Organic farmer Forrest Pritchard speaks on family the farm's future
HOPEWELL — The tractor on the highway. The little red barn. Grandma and grandpa caring for the dairy farm.
The notion of the family farm conjures up these and other nostalgic notions. In this age of big, corporate farms, can the small family farm and gentleman farmer survive, let alone thrive?
“We know that it worked for a long time,” said Forrest Pritchard, a seventh-generation farmer and writer. “It’s how we all got here.”
Pritchard, whose “Gaining Ground: A Story of Farmers' Markets, Local Food and Saving the Family Farm” was a New York Times bestseller, on Sunday shared stories of life on his organic farm and his thoughts on farming’s future as part of the George M. Ewing Canandaigua Forum at Finger Lakes Community College.
Actually, storytelling and farming go hand in hand for Pritchard, who also authored "Growing Tomorrow" and co-authored "Start Your Farm," his latest.
The desire to share stories is innate, Pritchard said. And one of the issues with farming since the 1970s is “anonymous food,” in which farmers produce the crops, but have no idea where the meat and produce they passionately produce ends up.
A story for which the conclusion is hidden from the main characters involved.
The family farm has become somewhat invisible, according to forum moderator Lori Vail, an assistant professor of English at FLCC and former urban farmer in Seattle. Food is around most people at least three times a day and at any one time, they are 20 yards away from it, Vail said.
“Yet, we don’t think that much about how food is produced,” Vail said.
Pritchard, who took over his grandparents’ farm and began raising free-range cattle, pigs, sheep, goats and chicken, didn’t want to put his food on a truck and watch it disappear.
“It made sense to me to try and put a face on things,” Pritchard said.
And that he does, as his Smith Meadows farm is a fixture at farmers markets in the Washington, D.C., area. In fact, he quipped, if he wasn’t speaking at FLCC he’d probably be driving his truck home from the market.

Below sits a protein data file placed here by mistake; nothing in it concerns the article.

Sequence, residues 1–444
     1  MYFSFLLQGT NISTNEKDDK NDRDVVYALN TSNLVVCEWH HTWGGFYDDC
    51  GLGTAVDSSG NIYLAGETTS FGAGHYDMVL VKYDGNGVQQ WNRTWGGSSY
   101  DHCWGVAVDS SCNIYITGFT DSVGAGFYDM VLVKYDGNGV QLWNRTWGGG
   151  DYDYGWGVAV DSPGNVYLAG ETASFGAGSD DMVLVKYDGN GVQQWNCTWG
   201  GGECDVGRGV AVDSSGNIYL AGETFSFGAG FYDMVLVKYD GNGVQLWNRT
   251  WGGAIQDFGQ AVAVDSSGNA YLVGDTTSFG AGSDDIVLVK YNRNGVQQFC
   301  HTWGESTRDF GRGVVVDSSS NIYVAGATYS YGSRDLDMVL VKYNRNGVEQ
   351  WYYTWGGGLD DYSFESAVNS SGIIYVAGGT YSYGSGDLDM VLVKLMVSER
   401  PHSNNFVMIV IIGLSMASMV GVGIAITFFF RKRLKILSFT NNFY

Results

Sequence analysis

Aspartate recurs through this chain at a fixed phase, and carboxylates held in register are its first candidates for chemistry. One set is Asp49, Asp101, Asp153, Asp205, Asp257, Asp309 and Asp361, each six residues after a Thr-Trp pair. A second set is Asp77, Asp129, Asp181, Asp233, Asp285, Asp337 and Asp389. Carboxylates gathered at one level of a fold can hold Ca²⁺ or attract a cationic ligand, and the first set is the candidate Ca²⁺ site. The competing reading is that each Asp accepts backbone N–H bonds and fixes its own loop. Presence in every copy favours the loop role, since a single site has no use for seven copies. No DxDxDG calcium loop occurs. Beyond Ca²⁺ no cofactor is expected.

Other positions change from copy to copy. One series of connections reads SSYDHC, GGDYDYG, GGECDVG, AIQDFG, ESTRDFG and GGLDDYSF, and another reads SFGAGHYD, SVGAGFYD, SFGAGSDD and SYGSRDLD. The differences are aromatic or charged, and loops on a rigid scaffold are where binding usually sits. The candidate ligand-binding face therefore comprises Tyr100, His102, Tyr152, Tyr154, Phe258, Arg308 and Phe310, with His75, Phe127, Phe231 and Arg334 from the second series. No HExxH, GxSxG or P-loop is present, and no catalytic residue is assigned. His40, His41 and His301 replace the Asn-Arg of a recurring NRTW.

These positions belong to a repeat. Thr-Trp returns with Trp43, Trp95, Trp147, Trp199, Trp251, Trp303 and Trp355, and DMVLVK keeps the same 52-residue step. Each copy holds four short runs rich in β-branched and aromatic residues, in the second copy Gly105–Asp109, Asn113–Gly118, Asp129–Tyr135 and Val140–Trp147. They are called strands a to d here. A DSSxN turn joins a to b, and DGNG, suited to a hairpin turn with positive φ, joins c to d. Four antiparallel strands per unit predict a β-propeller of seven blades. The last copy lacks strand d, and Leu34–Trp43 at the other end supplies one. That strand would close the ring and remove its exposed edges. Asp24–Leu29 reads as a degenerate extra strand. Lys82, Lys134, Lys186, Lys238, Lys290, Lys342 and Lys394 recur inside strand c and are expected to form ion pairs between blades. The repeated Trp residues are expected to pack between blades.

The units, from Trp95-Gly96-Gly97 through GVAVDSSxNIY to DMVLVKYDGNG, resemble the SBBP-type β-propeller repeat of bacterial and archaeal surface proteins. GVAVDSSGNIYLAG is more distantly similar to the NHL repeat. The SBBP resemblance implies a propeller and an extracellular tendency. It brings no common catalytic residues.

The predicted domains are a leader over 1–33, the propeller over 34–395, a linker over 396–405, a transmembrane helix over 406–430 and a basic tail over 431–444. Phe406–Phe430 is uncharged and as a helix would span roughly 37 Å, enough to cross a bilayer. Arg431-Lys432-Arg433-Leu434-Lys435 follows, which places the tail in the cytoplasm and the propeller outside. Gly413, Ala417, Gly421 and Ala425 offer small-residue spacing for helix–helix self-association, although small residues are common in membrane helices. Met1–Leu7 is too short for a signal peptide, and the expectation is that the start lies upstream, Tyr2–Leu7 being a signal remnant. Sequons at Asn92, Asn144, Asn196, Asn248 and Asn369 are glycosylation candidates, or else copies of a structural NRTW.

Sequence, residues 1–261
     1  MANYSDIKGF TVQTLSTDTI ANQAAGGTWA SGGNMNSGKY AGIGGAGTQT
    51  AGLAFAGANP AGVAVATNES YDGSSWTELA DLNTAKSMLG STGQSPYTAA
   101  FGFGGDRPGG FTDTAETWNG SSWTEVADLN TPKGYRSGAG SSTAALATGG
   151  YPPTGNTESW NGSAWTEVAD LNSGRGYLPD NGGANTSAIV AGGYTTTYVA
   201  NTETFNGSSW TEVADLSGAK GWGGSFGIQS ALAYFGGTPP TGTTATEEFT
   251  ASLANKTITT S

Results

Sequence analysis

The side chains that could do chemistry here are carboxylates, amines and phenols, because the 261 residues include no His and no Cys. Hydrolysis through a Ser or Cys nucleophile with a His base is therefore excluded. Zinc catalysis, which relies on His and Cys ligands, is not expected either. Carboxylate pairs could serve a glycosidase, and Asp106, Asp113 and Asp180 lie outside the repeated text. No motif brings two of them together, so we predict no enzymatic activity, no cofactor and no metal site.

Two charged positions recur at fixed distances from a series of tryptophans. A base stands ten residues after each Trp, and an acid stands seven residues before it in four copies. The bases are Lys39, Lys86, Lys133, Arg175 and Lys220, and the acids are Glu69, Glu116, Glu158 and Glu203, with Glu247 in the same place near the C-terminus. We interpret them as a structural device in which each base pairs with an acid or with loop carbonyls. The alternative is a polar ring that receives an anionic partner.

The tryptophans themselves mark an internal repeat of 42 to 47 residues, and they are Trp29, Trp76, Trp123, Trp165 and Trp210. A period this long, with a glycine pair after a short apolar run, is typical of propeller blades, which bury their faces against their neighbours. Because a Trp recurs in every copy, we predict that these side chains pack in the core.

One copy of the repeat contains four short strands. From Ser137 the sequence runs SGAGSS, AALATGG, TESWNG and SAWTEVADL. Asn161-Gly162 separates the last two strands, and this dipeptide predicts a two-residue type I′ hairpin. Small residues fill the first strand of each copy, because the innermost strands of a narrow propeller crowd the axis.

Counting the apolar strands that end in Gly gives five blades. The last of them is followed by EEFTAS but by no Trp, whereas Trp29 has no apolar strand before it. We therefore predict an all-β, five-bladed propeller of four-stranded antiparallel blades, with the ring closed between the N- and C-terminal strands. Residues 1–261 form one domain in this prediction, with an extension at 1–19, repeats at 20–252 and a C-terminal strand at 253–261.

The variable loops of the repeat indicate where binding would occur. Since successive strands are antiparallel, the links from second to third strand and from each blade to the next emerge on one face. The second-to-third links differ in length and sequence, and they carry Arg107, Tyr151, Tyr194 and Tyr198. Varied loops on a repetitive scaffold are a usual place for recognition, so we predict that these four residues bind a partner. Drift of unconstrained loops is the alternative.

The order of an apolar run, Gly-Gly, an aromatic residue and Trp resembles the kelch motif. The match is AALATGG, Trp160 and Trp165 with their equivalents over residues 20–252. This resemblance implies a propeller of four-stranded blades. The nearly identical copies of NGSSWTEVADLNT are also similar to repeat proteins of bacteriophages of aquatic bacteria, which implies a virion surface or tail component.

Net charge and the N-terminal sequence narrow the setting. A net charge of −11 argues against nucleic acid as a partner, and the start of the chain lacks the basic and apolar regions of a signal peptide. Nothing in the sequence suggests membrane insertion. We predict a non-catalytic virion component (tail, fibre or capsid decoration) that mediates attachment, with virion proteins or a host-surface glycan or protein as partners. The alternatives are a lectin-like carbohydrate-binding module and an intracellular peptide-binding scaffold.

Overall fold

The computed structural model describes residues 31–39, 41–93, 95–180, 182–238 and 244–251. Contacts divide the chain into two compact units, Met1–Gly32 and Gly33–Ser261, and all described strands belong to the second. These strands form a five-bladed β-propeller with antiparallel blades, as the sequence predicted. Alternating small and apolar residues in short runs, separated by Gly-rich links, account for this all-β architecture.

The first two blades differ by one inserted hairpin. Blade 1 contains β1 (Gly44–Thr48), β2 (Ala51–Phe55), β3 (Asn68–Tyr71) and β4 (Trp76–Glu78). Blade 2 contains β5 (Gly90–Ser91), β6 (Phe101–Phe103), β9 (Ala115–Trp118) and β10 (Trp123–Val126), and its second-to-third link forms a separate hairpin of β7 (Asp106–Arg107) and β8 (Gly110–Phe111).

Sustainable agriculture is experiencing somewhat of a resurgence, Pritchard said, in the same way that bell-bottom pants and cars with tailfins recycle their popularity.
“Balance finds a way to restore itself,” Pritchard said. “It’s the nature of nature. Things take a while. We’re getting there.”
One way to help a small farmer is by buying local, even if that means paying more for the product, he said.
“If we want special things — and we all want special things because they’re special — we have to track down special things and pay more,” he said.
The payoff for the consumer comes in knowing the local farmer will take 99.9 percent of that extra money and put it back into the soil, Pritchard said. Rewarding the farmer’s work continues to foster the farmer’s optimism and enthusiasm, and results in more special things — local food and sustainable way of life.
Think of the farmer as a volunteer, someone who signs up for a job with no guaranteed paycheck but pursues it passionately.
“Be better as a consumer and put in for the time and risk they’re taking,” Pritchard said. “Let’s reward these courageous people.”